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The Rabbi's Torah


         Each week, Rabbi Howard Siegel will share
              commentary on the weekly parsha:


            
 

Torah Portion: Lech Lecha
(Book of Genesis)

          

             The Book of Genesis is personal. The God of the Book of Genesis is a personal God. Beginning with this Torah portion, Genesis relates a brave story of a family’s faith in One God through four generations: Abraham to Isaac to Jacob to Joseph. God’s role is that of a nurturing parent imparting lessons of morality and ethics to a family whose lives will encounter challenges to their very existence; the first and foremost challenge being parenthood.

            Abraham and Sarah are unable to become pregnant. Ancient Near Eastern tradition assigned the blame for not bearing children to the wife. It then became her responsibility to provide her husband with another woman who could bear a child in his name. In keeping with this tradition, Sarah brought her servant/handmaid Hagar to Abraham. Hagar became pregnant and gave birth to Abraham’s first child who was named Ishmael. Years later Sarah would become pregnant and give birth to Isaac. Sarah’s jealousy toward Hagar and her son Ishmael would force Abraham to expel them from his home. God would make Ishmael the father of the Arab people and his half-brother Isaac the father of the Jewish people. Two brothers from a common father. The next time they would meet would be to bury their father Abraham and then never again to encounter one another. How sad! What might have been had Sarah and Abraham been more attentive to their role as parents.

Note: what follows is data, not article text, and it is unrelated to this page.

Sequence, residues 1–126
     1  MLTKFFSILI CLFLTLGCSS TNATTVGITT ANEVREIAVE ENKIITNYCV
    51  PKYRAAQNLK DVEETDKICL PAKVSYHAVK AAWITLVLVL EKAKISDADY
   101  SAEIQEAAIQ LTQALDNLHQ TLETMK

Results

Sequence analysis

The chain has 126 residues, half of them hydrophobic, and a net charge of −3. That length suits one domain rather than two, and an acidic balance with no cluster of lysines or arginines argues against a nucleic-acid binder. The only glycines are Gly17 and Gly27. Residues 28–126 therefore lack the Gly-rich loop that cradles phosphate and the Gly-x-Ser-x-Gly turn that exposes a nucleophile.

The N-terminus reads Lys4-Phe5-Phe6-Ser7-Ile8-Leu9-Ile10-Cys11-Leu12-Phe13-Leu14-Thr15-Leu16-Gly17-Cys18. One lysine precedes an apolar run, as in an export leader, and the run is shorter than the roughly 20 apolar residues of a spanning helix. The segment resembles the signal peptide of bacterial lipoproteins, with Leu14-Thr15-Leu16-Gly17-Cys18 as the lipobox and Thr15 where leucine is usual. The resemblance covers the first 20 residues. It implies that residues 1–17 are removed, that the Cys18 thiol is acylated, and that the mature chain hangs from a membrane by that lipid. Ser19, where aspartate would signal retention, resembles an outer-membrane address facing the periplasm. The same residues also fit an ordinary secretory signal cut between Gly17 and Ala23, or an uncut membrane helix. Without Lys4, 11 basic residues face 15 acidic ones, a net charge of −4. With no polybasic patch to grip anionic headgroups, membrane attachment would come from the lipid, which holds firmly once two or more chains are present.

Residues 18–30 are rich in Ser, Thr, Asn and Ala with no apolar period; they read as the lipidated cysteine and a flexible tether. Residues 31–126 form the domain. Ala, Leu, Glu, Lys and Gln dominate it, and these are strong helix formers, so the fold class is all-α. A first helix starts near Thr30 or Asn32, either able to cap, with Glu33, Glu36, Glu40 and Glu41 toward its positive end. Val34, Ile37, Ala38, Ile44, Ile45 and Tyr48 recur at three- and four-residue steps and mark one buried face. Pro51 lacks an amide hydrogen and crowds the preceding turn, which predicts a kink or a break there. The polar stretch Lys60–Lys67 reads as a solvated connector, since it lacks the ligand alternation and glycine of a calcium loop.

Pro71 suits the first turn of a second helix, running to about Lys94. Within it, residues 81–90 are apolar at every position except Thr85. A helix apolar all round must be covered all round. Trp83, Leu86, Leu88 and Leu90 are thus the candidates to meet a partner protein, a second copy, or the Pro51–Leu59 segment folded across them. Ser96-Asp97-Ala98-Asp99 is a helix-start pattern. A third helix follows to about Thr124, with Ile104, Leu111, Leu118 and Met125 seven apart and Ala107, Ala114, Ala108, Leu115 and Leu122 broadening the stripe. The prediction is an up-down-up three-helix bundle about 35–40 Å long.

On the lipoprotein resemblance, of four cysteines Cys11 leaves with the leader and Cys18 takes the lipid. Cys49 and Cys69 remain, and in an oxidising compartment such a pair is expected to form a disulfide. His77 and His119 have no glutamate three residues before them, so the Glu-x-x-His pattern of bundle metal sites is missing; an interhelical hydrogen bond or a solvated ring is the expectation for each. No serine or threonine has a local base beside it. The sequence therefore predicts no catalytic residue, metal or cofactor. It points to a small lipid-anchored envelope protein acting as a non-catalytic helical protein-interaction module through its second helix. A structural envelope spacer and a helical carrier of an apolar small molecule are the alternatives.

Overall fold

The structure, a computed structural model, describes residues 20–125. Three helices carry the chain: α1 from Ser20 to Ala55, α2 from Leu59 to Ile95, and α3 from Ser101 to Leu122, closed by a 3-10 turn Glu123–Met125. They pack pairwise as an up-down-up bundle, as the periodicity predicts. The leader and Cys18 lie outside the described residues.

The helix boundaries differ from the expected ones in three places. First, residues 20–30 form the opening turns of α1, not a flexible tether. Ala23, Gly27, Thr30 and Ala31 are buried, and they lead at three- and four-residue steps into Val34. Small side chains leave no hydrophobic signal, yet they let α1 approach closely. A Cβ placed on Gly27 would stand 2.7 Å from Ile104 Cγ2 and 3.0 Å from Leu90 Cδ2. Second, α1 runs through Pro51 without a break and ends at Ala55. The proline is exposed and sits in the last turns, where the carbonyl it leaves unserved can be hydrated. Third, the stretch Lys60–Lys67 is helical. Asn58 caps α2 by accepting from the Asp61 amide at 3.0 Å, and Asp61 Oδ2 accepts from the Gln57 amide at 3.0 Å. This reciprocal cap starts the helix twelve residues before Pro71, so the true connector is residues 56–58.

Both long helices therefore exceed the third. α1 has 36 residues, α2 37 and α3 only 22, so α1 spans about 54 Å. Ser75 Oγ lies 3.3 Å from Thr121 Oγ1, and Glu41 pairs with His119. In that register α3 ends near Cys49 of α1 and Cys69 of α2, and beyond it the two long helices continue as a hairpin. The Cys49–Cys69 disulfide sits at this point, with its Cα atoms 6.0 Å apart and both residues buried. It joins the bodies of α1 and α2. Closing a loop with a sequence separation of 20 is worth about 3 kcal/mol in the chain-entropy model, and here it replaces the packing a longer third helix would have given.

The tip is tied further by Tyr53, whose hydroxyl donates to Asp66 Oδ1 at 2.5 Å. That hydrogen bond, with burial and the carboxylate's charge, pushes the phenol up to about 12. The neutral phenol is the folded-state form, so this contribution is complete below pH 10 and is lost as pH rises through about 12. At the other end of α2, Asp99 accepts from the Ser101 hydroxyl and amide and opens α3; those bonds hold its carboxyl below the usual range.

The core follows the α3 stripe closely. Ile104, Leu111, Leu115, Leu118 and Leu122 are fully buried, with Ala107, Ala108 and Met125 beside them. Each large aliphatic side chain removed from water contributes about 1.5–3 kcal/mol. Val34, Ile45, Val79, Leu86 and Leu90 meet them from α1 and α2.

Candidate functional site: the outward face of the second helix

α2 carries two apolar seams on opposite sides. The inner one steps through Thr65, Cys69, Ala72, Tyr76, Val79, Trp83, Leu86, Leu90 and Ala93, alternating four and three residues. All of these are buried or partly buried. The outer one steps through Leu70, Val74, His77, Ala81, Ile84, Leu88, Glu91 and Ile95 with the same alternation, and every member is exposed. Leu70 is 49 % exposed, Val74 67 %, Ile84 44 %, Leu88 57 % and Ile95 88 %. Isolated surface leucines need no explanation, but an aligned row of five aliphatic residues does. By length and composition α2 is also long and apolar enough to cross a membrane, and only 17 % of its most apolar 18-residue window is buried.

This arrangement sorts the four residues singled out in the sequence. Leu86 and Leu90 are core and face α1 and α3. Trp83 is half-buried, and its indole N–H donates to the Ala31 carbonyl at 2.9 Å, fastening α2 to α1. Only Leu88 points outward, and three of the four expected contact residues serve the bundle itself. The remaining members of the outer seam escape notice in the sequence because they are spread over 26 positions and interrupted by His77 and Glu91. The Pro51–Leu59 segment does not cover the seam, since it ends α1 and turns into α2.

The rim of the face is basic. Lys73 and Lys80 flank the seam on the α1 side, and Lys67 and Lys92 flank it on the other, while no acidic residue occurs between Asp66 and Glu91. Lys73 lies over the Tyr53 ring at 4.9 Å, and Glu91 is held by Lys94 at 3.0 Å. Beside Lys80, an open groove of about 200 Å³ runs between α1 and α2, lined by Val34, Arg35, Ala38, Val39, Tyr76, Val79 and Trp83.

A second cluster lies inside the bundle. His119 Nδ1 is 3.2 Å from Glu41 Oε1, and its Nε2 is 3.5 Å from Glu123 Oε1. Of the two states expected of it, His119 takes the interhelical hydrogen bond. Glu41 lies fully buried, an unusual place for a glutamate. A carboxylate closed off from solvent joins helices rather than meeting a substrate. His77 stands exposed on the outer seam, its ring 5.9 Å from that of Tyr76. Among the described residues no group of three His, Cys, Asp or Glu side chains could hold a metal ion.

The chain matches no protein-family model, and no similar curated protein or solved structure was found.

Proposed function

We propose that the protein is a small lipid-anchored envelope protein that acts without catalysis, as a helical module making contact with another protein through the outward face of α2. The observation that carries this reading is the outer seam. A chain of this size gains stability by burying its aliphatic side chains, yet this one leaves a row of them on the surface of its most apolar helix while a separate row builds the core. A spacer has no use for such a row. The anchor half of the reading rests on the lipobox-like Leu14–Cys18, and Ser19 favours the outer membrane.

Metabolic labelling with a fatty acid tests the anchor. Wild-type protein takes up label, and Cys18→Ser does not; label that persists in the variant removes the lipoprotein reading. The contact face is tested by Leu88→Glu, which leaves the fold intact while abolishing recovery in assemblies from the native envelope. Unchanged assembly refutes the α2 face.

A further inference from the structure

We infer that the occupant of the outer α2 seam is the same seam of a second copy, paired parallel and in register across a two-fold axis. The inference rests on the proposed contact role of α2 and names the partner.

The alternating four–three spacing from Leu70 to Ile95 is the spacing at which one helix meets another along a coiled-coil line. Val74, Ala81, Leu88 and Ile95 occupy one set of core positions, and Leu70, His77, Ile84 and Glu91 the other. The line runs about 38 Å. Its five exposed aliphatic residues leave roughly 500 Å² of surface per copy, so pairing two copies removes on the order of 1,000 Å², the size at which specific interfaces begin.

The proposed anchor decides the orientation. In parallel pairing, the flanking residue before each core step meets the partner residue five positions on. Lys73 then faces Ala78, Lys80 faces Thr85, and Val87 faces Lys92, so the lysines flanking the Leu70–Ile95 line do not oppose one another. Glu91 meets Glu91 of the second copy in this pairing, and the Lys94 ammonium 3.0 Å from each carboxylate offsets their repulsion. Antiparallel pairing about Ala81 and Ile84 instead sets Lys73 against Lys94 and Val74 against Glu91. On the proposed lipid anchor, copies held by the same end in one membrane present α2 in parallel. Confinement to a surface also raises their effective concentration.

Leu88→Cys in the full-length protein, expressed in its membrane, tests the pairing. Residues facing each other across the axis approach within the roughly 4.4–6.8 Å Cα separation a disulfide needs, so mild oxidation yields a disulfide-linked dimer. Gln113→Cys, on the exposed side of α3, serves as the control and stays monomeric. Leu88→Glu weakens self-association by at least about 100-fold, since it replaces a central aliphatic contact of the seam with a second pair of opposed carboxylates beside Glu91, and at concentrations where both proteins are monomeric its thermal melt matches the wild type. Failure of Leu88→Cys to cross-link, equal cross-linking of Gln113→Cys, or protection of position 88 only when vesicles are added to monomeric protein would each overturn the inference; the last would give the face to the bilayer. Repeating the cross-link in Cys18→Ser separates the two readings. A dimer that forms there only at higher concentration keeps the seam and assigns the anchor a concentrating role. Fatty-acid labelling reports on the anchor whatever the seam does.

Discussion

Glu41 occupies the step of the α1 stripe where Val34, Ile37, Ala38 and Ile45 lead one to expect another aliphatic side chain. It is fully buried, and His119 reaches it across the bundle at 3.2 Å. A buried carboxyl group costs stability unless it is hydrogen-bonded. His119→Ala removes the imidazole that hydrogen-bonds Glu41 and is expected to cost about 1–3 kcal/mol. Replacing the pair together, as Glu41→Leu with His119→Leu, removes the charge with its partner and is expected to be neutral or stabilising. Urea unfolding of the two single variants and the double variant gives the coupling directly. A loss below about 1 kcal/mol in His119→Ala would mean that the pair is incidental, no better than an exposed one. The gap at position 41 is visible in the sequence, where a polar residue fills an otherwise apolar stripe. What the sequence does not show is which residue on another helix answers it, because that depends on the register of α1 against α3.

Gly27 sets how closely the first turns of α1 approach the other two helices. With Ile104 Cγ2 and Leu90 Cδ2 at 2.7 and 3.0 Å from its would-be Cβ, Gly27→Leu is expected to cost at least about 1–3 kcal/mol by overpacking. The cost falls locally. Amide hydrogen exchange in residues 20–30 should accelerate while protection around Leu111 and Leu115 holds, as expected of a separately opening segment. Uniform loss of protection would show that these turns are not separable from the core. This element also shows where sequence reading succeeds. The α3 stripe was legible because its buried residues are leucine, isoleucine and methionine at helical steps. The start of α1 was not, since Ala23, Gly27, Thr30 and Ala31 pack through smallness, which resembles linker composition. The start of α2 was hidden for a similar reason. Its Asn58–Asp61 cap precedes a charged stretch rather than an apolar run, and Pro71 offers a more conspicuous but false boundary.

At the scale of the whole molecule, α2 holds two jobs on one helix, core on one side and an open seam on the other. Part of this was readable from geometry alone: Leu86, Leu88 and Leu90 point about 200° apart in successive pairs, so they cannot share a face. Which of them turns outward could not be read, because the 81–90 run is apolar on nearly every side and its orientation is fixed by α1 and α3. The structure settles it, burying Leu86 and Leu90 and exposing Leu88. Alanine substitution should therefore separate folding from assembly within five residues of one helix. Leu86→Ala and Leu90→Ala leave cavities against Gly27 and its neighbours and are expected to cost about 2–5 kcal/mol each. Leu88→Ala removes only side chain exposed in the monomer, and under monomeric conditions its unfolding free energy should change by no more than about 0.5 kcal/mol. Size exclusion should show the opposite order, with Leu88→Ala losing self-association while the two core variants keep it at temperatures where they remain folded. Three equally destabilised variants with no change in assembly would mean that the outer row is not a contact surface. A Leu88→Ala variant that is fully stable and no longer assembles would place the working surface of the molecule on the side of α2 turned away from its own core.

In 1995, Hillary Clinton wrote a book entitled It Takes A Village.  In it, she included the following teaching: “Parenthood has the power to redefine every aspect of life-marriage, work, relationships with family and friends. Those helpless bundles of power and promise that come into our world show us our true selves-who we are, who we are not, who we wish we could be.”

             At one time or another, we probably asked ourselves, “What can I do to make this a better world?”  The daunting task of reigning in hatred and enmity may appear hopeless, but promoting the simple act of good parenting through personal example can bring together sons and daughters, brothers and sisters, husbands and wives, Ishmael and Isaac. The ripple effect can change a world - one generation at a time!

 

Rabbi Howard Siegel

 

Tue, November 12 2019 14 Cheshvan 5780